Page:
Carmichael explained that Merideth apparently traveled to the Monette Liberty Bank branch after an attempt to cash the money orders at the Rector location was unsuccessful. According to Carmichael, teller Grace Waugh was immediately suspicious of the documents because of an email the bank had received regarding a recent wave of fake money orders and the absence of a watermark on Merideth's money orders.
"She called us and kept him busy until we arrived," Carmichael said. "He was immediately taken into custody after we got there."
Merideth appeared before Judge Keith Blackman on Monday, Jan. 24, and was charged with five counts of forgery and one count of criminal intent to commit theft. Bond was set at $3,000, and he is scheduled to appear for trial on March 11.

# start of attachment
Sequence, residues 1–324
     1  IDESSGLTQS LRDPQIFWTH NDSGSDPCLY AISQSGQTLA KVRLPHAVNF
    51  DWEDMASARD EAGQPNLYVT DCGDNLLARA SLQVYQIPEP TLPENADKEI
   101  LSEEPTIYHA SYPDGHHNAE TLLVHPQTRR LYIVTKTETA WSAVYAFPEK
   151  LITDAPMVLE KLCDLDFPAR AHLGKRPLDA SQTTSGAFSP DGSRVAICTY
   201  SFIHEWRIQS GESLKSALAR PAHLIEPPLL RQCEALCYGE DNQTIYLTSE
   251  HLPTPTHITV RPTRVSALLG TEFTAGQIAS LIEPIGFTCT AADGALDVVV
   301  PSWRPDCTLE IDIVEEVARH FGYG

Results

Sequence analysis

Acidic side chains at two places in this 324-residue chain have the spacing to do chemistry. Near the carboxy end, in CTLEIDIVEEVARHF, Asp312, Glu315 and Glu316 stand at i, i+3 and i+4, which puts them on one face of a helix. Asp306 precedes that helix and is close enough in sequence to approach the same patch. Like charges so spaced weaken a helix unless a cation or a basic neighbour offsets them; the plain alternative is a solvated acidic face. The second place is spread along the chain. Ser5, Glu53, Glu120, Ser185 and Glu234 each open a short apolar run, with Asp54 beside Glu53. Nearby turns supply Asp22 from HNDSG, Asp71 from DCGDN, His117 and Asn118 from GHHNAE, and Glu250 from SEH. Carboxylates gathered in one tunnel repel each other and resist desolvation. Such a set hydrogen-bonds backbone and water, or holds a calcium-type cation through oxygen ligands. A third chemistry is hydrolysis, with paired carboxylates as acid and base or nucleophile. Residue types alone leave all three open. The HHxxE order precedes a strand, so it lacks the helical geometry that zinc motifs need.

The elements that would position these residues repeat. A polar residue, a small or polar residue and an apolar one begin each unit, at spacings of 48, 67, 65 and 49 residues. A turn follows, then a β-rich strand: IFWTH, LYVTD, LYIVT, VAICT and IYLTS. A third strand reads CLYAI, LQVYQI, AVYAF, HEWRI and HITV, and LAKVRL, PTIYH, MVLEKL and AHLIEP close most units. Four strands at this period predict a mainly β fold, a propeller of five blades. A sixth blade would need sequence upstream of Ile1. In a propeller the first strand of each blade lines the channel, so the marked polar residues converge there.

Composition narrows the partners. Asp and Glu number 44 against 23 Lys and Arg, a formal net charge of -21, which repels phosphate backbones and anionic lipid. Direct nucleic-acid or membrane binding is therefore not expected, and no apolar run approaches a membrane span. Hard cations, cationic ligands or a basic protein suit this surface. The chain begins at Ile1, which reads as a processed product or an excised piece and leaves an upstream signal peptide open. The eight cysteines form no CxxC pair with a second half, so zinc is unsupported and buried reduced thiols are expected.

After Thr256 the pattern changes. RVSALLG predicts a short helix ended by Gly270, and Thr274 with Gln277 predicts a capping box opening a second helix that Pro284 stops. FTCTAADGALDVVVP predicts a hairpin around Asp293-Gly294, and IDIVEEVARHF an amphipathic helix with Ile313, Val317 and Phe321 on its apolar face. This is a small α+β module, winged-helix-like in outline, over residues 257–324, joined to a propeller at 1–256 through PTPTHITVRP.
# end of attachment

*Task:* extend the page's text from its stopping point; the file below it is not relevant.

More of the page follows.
Following Merideth's arrest, Carmichael said he has been talking with members of the United States Secret Service regarding money order scams such as this one. In talking to members of the agency, he has learned that Internet con artists are profiting by contacting people and convincing them to take part in illegal activities involving counterfeit documents.
"These people send someone several fake money orders to cash and they are supposed to send back part of the money to them and keep the rest," Carmichael said. "Thousands of people in the United States have been victims of this scam."
Carmichael commended the actions of Waugh, noting that the bank could have suffered a loss of $5,000 had she not been alert enough to notice that the money orders were not authentic.
"This is the first time we've seen forgery of this scale come through Monette," he said.